Tonya and Adam Winkler own True REST in Wexford. Flotation therapy is also known as REST—Reduced Environmental Stimulation Therapy. “It is simply the act of relaxing with all external stimuli removed, and drifting into an introspective, meditative state that rejuvenates your mind and body,” said Tonya Winkler.
After being offered water or tea, individuals are escorted to their private pod suite. “Guests are in complete control of their float pod lid, which may be left open, partially open or closed. Pods are large, and can easily accommodate people of all body sizes and heights,” said Winkler.
“Some of our guests have concerns about feeling claustrophobic while floating, however, their concerns quickly fade upon seeing the size of the pod and understanding that they can leave the lid of the pod open while floating in their private suite,” she added.
After experiencing the benefits of floating for himself, David Rapach opened Levity in Squirrel Hill. Levity’s guests float in 10 inches of water with 1,200 pounds of Epsom salt, which is three times as dense as the Dead Sea.
“After a few minutes of adjustment, you don’t feel the water, you lose where the skin starts and where the water starts; it limits sensory input coming in,” he said. “When the mind doesn’t battle gravity and sensory input, it allows it to rest, to reset, and new thinking patterns to emerge.”
The spa-like atmosphere is curated to enable guests to have a relaxing, stress-free experience. Like with any other wellness program, the more you do it, the longer lasting the benefits will be.
While floating, reflexology and massage are physically relaxing, some people like a more active way to relieve stress. Alyssa Collins is the general manager of Jack’s Boxing Gym in Ross Township. She calls boxing “the most exhausting sport ever,” and that is a good thing, at least when it comes to stress reduction.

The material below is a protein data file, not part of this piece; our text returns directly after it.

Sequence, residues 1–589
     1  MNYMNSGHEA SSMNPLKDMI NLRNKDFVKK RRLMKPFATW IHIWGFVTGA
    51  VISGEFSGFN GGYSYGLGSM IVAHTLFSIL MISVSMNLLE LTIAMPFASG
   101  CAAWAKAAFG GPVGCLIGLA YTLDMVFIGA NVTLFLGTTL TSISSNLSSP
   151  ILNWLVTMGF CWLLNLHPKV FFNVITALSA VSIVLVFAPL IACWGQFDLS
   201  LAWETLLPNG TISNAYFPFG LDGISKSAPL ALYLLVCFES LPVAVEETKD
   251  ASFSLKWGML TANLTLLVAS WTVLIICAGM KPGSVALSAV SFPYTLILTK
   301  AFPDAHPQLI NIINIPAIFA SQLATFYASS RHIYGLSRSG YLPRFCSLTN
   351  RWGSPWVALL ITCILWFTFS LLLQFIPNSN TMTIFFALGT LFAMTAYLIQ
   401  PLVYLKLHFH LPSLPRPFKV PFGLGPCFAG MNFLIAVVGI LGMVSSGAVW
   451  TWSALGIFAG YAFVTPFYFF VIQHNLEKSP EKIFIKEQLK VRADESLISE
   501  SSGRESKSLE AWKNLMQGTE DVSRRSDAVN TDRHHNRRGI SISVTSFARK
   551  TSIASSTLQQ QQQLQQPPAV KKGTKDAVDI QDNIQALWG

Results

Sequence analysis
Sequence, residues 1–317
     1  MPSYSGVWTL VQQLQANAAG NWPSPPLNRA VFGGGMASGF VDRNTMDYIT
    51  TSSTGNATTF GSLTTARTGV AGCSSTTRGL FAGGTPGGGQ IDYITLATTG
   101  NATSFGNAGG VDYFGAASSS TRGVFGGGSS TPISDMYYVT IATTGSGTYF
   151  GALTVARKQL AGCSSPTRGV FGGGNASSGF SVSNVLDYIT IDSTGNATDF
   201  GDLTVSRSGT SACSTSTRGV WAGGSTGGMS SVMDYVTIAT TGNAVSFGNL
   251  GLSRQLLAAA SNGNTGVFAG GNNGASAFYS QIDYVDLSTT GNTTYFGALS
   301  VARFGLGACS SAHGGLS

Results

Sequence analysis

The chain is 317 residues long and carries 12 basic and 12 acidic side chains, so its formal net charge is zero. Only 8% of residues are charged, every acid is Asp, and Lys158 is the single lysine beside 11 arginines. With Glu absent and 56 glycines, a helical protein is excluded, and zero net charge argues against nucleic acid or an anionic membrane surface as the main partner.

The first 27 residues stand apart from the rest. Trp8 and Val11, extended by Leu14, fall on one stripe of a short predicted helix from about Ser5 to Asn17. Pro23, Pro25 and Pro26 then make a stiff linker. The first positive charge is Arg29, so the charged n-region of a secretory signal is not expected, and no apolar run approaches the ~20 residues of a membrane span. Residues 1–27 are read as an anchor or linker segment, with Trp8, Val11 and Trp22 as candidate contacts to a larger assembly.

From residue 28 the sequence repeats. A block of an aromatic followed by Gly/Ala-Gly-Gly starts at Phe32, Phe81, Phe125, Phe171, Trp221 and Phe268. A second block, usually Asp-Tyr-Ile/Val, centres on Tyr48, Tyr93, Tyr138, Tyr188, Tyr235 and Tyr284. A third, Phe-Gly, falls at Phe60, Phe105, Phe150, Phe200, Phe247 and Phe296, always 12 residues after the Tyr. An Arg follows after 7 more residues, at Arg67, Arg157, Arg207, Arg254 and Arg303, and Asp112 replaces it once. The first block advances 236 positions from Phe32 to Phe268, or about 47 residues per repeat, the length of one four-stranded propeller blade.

“It takes a lot of focus, and it’s really freeing and a good release. You’re doing something with your energy, not just punching a wall or somebody,” laughed Collins.
She said that one of the gym’s trainers is a wounded veteran who discovered the gym a year and a half ago. “He was depressed and suffering from PTSD,” she explained. “He took to boxing; it is so draining physically that it is a distraction from the real world.”
Many people also lose a significant amount of weight, as it is an all-body workout.
Ingesting herbs is another way to relieve stress. Jessica Graves, owner of Una Biologicals, a natural beauty and wellness company, crafts more than 90 products including herbal salves, headache relief and body butters.
“My favorite is a group of herbs called Adaptogens,” she said. “These herbs help the body to adapt to external stressors while maintaining homeostasis (balance) within the body. The beauty is that these herbs are bidirectional, meaning that they don't push the body in one direction or another (as a stimulant or relaxant, for example) but help your systems to self-regulate.”
Some examples of Adaptogens include Holy Basil, Ashwagandha, and Dandelion & Nettle. Graves added that although the effects vary with each person and the severity of symptoms, most herbs work best when utilized regularly, as they build in the body over time.